By Victoria Hofmo
I was filled with deep sadness, when I heard of the passing of Svein Arvid Skårdal of Vanse, Norway. He had touched so many lives that I heard the news within minutes, from four different sources from both sides of the Atlantic. He truly served as a bridge between the Norway and the Norwegian-American community.
It was hard to imagine that such a force was gone. He had been fighting against the cancer that invaded his body for a while. But, one would not know it. Just last year, he was setting up tables, organizing bands and tirelessly filling in wherever needed at the American Festival in Vanse, Norway, an event that he was instrumental in bringing to fruition.
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A Review and Brief Interview by Victoria Hofmo
Siri Hustvedt’s new book’s title is The Sorrow of An American. On the surface it refers to psychiatrist Erik Davidsen whose character serves as the “I” in this novel. However, Davidsen’s empathetic relationship to his sister Inga, recently widowed, as well as to his reoccurring memories of his mid-western Norwegian family’s trials and tribulations leads me to believe that this book could have been entitled The Sorrow of An American Family. Erik’s familial ties, as well as his internal conflicts and how he negotiates them is truly a story about all of us, the pain, the pleasure, the hopes filled and unfulfilled. What makes this book truly intriguing is Hustvedt’s deep delving into the human psyche through Erik.
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There could not be a more perfect place to set, Eugene O’Neill’s play “Anna Christie” than The Waterfront Museum (an historic barge in Red Hook, Brooklyn), as the play is about a Swedish barge captain Chris Christopherson and his daughter Anna Christie who meet on the Brooklyn waterfront.
Upon boarding this barge the audience is put right in the mood: warm wooden paneling, nets hanging overhead, and the soft jostling of the waves below. Sweet and bawdy sea shanties played with soft strings and melodious voices begin before the dialogue and serve to sooth between acts and scene changes. All together these elements offer a voyeuristic perch for the audience.
The acting is spot on. Tender and tough. seasoned actors draw in the audience in this every intimate space. I especially loved the quiet moments. The things said without words. The shy quirks of Christopherson played by John O‘Creagh, such as his quietly banging his feet, pigeon-toed against a column, like a shy child. Or the way he removes his cap, perhaps out of respect or shame. But he doesn’t stop there, he expands the emotion further, offering us something even better, his fingers working his cap express all. Or Marthy’s (Chris’s woman, played by Bairbre Dowling) face after discovering that she will have to leave Chris because his daughter is visiting, a daughter he has not seen for 25 years, revealing in a few moments the pain and loss she has and will have. Deftly she does not expose this until she is in private where she feels safe enough to let down her guard.
The direction is clever. I especially like how the two women in Chris’s life, Marthy and Anna are positioned as in a face off, able to eye up each other when they fist meet, not realizing the connection they have.
I would be remiss if I did not mention the two leads who play the lost youngins who are practically thrown at each other. Burke (Gene Gillette) who is spit up by the sea and Anna (Rahaleh Nassri) who happens to be on the barge that serves as his refuge. Burke plays a cocky Irishman, all swagger and sinew. He is dangerously irresistible and Anna is a much more well traveled dame then he can imagine. She is also self-reliant, a survivor and a little bit of a man hater. The situation is combustible and their attraction palpable.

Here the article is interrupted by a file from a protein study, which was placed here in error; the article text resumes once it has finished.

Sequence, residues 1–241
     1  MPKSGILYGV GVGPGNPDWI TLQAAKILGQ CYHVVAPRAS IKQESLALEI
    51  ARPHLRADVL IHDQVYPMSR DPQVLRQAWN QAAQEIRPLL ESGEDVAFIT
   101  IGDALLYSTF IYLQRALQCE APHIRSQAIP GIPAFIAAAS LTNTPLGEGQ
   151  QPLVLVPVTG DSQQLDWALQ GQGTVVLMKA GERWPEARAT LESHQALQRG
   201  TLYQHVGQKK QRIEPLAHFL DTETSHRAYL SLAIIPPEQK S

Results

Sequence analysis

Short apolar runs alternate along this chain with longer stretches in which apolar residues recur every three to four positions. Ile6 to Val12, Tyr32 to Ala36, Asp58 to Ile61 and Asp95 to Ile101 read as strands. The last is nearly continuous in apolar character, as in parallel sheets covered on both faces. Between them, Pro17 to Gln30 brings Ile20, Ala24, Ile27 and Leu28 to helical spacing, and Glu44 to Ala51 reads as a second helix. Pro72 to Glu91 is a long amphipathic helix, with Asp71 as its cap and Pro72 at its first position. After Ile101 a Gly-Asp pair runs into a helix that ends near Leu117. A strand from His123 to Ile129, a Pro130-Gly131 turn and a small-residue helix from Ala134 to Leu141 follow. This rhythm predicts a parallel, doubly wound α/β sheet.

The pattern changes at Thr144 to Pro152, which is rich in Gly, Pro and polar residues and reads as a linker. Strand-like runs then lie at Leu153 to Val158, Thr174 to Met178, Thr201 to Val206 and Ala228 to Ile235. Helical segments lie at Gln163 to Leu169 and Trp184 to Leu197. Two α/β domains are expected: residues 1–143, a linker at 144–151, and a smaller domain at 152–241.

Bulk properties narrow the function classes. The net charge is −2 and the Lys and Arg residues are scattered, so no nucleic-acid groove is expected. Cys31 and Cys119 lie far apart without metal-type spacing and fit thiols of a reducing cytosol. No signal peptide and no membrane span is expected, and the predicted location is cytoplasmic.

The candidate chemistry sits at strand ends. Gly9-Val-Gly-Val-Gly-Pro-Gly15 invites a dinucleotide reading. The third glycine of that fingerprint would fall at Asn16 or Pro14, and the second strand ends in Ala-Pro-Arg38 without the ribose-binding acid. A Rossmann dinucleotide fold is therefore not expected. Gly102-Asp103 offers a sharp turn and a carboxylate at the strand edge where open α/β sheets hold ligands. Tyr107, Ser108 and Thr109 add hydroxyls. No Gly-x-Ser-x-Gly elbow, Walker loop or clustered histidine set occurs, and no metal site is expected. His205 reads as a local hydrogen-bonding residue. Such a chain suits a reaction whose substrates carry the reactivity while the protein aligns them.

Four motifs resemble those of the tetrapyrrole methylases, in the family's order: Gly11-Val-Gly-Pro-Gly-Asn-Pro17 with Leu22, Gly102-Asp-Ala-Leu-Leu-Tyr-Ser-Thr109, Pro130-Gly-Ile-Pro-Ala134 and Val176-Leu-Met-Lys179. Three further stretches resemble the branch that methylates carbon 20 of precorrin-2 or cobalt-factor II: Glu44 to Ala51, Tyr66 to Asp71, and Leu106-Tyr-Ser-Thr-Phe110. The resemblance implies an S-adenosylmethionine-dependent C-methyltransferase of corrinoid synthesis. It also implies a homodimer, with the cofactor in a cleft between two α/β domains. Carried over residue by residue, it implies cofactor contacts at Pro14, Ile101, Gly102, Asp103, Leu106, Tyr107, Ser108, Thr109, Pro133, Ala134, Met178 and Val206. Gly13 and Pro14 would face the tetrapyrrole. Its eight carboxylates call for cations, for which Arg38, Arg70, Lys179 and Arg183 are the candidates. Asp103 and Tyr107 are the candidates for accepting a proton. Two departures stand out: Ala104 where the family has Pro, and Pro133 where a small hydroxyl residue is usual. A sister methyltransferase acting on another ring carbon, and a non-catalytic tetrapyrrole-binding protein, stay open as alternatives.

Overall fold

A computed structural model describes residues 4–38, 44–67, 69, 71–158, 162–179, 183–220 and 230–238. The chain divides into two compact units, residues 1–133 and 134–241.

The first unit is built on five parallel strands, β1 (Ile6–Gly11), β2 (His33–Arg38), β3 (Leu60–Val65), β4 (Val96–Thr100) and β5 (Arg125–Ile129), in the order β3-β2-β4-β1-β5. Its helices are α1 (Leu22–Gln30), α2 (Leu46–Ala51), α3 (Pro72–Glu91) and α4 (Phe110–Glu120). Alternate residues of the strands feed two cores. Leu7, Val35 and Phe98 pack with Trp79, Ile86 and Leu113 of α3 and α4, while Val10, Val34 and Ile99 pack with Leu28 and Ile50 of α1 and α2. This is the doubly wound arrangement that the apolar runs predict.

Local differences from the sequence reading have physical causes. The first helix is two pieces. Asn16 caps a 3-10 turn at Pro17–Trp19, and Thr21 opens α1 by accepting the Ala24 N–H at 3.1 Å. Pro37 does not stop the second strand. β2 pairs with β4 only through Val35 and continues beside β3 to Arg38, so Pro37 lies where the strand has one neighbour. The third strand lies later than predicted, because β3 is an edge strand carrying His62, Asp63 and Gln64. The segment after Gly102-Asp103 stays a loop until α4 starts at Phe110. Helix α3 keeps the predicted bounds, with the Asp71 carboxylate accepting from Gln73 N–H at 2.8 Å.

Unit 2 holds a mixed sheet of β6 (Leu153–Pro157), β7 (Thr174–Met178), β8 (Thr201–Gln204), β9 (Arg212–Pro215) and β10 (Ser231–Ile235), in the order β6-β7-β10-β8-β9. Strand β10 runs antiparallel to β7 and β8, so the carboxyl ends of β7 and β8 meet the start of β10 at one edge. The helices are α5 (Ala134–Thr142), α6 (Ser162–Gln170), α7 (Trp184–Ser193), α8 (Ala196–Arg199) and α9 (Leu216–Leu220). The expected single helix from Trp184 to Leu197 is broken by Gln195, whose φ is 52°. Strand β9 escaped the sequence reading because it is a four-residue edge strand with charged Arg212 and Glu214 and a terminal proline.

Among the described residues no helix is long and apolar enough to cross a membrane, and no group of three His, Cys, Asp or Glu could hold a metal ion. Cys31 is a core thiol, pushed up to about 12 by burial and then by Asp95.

This performance is brought to us by the Spleen Theatre, a new company in New York. This is only their second production and it is top notch. I congratulated Director, Laura Tesman on creating a new theater company in New York. We discussed how difficult it is between the cost and the competition. When I asked her how Spleen is different form other theater companies in New York, she said that this was only the company’s second performance. That she really liked the site specificity of the performance and that this is something that the company plans to focus on in the future.
I had the opportunity to speak with someone from the audience, who told me that she had seen the play on Broadway in the 190s. It starred Natasha Richardson and Liam Neeson. She said that it was great, but that this was just as good. Not only did she love that it was on the barge. She also loved the acting. Now that is a ringing endorsement.
I suggest you get to the show a little early, so that you can get a front row seat. You will just have better site lines. And while you are there you will get an extra treat, as Odd Andersen painting exhibit, “Life on the Water,” is still on view.
Director, Tesman had thought about taking the paintings down during the performance, but she kept them up instead, saying they fit right in.
(See: www.norway.org/News_and_events/Culture/Visual-Arts/Life-on-the-Water---New-York-marine-exhibition )
Kudos to David Sharps, the barge’s real life captain, who has had to raise many dollars to maintain and, repair this barge and build its dock. It has been a twenty six year project in the making. Now when you leave the barge there is a lovely rock jetty with a smooth path that allows you to ogle the Statue of Liberty. To see that all of his hard work has crystallized into such beauty is wonderful. .
So, don’t miss this ship! There are only two performances left, Friday, September 21st & Sunday, September 23rd. Both at 7:30. Price $18. Contact www.spleentheatre.org